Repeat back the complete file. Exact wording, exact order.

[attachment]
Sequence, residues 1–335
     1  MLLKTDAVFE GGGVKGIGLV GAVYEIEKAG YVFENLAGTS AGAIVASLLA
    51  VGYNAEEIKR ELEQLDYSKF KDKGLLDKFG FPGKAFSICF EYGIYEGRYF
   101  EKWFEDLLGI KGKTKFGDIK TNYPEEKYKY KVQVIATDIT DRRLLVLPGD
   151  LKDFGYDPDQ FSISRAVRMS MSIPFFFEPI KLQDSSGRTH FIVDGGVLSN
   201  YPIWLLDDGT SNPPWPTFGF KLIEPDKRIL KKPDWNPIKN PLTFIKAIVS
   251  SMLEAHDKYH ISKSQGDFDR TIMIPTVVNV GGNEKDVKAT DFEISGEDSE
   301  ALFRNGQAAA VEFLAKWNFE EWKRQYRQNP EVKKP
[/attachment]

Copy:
Sequence, residues 1–335
     1  MLLKTDAVFE GGGVKGIGLV GAVYEIEKAG YVFENLAGTS AGAIVASLLA
    51  VGYNAEEIKR ELEQLDYSKF KDKGLLDKFG FPGKAFSICF EYGIYEGRYF
   101  EKWFEDLLGI KGKTKFGDIK TNYPEEKYKY KVQVIATDIT DRRLLVLPGD
   151  LKDFGYDPDQ FSISRAVRMS MSIPFFFEPI KLQDSSGRTH FIVDGGVLSN
   201  YPIWLLDDGT SNPPWPTFGF KLIEPDKRIL KKPDWNPIKN PLTFIKAIVS
   251  SMLEAHDKYH ISKSQGDFDR TIMIPTVVNV GGNEKDVKAT DFEISGEDSE
   301  ALFRNGQAAA VEFLAKWNFE EWKRQYRQNP EVKKP